MICHAL-MARÉ LINDEN AND MAXINE TWADDLE: UP will not make a decision on splitting residences this year. Instead, the proposal to make Olienhout, Inca and Jasmyn exclusively first-year residences, and Boekenhout, Asterhof and Lillium exclusively senior residences has been postponed for further discussion on the proposed model or an alternative model.
The decision to split the residences was initially announced on 26 June and was opposed by the university’s residences, who felt that they had not been properly consulted.
BOIPELO BOIKHUTSO: A 29-year-old police constable was injured in a shootout with three suspected hijackers in Hatfield on Sunday 13 July.
The three suspected hijackers, aged between 20 and 25, have been arrested, according to SAPS provincial spokesperson Noxolo Kweza.
Members of the Pretoria Flying Squad received a signal of a hijacked vehicle while they were patrolling in Silverton. Other police unit members also responded to the signal, which registered a stolen vehicle in Hatfield.
TEBOGO TSHWANE: UP is considering installing pharmaceutical vending machines which will allow students to access over-the-counter medication and other health items across all campuses.
“These machines will sell over-the-counter type products similar to what may be bought on the shelves of supermarkets. The machine will also offer some female products,” said Prof. Susan Adendorff, the director of the Department of Facilities Management. One such machine has been installed on the Prinshof campus on a trial basis.
On 18 July numerous departments at UP did their bit to better the lives of those in need by giving 67 minutes of their time for Mandela day.
The Department of Business Management in collaboration with a local small business H Brian Customs MAG RIM Repairs / Car Sales celebrated Mandela Day at the Child Welfare Tshwane centre in Eersterust. Both the department and H Brian Customs donated groceries, clothing and food to the centre’s children and adults. Hotdogs and juice were also prepared and handed out.
MAXINE TWADDLE: Students at the North-West University (NWU)’s Potchefstroom campus held the first protest in the campus’s history yesterday.
The protest formed part of the SalJyOpstaan campaign, which aims to fight for the continued use of Afrikaans on campus, transformation, and human rights. The campaign also seeks to eradicate the negative views of the Potchefstroom campus following media reports on residence traditions.
MAXINE TWADDLE: Higher Education and Training Minister Blade Nzimande allocated R8.8 billion to the National Student Financial Aid Scheme (NSFAS) in his 2014/2015 budget.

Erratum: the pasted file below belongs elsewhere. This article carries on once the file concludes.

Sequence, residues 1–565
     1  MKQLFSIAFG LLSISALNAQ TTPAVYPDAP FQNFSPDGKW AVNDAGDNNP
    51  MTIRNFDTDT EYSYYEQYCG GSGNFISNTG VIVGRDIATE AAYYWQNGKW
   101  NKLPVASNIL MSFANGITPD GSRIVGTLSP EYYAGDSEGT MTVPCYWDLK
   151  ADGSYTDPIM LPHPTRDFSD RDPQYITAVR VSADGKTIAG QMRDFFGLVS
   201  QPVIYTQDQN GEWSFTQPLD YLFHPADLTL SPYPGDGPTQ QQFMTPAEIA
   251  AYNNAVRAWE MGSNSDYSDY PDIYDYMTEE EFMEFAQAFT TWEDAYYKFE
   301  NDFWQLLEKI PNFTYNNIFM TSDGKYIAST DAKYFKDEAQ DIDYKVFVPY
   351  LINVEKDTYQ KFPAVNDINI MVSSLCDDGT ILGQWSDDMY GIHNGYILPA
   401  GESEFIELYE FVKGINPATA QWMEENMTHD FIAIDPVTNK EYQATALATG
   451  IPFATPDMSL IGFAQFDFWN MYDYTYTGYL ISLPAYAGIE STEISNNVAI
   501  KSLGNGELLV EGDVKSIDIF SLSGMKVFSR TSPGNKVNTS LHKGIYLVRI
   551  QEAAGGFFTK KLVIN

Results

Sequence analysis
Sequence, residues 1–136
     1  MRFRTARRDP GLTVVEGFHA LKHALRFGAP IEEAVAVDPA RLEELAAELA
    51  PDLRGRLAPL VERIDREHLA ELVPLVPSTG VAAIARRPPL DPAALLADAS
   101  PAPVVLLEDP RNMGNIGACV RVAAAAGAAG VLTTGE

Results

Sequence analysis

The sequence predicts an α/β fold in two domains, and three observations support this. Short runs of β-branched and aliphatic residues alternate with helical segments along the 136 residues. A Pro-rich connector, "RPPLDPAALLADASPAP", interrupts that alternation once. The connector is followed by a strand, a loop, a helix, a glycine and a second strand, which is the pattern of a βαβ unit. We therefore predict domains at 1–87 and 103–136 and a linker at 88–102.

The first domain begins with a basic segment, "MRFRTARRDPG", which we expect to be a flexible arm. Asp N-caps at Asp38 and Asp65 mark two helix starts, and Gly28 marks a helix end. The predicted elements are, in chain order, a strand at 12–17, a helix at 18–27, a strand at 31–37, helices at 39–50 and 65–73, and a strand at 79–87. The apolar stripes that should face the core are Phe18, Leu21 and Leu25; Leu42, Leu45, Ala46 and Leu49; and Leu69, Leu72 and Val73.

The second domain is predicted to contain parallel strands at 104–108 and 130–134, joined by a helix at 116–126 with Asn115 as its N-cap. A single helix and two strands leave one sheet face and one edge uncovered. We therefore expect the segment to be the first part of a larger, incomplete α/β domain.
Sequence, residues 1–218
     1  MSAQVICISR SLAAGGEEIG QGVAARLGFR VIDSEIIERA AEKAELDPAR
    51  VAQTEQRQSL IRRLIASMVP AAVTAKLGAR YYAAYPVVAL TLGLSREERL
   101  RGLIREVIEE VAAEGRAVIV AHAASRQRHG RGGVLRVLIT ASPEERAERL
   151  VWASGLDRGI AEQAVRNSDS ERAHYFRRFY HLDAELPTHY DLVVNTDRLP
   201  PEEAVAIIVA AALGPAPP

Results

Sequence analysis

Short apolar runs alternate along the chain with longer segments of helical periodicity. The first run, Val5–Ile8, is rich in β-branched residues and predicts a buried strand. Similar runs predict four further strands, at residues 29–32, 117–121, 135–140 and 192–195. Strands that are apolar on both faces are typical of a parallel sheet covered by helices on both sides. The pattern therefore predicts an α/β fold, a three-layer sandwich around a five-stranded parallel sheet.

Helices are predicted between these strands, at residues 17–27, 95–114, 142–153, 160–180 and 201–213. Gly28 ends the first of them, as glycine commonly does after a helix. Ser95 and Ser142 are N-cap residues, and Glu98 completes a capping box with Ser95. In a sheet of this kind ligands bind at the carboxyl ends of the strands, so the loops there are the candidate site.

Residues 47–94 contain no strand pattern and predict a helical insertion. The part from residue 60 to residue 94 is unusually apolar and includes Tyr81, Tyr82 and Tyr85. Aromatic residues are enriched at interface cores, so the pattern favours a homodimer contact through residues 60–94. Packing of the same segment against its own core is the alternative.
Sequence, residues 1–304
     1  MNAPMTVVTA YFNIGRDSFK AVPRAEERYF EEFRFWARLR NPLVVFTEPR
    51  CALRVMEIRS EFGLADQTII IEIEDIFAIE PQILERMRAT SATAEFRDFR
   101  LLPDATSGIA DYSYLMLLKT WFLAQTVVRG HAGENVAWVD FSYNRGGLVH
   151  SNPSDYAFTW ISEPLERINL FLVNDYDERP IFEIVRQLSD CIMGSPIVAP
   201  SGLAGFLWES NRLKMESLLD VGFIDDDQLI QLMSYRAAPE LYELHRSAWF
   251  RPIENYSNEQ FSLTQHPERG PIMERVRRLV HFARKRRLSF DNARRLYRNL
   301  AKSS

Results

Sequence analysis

This is not much of an increase from the 2013/2014 R8.2 billion and concerns have been raised that the government is not doing enough to provide funding to students who cannot afford tertiary education.
Of the R8.8 billion, only R3.9 billion has been allocated to university loans and bursaries, with the remainder of the money going to further education and training bursaries (R2.1 billion), scarce skills bursaries, including Funza Lushaka (R2.4 billion).
MAXINE TWADDLE: The Centre for Human Rights, linked to UP’s Faculty of Law, has called for the South African government to exert pressure on its Swaziland counterpart to release UP alumni Thulani Maseko.
Maseko was convicted with contempt of court on 27 July. He has been sentenced to two years in prison. The prosecution had asked for the harshest possible sentence, which was three years in prison.
PORTIA KOBUE: Teecee Boley is new to Johannesburg and to Wits University. She arrived from Liberia six months ago and is still adjusting to her new surroundings and the local cuisine of South Africa. Portia Kobue helps Boley find traditional Liberian food in the city of gold.
Gathering up her greens in a fork, Tecee Boley’s face exudes a sense of contentment. This is her first Liberian meal since she arrived in South Africa in February.
LAMEEZ OMARJEE: A national minimum wage will not make a difference in inequality and poverty in South Africa, according to Ayabonga Cawe. Cawe was speaking at a policy dialogue hosted by Young Economists for Africa last night at the Wits Origins Centre which focused on the need for a national minimum wage policy.
A “national minimum wage should be accompanied with other social protection measures,” explained the Rethink Africa chairperson. These include a social wage subsidised by government to provide free housing, free health care and free education. These measures would then affect savings, investments and consumption.
ANAZI ZOTE: A discussion on property rights and traditional leadership turned its attention to the impact of customary law on local communities and women in particular.
Hosted by Wiser at Wits University on Monday afternoon, the panel discussion was part of the Public Positions on History and Politics series.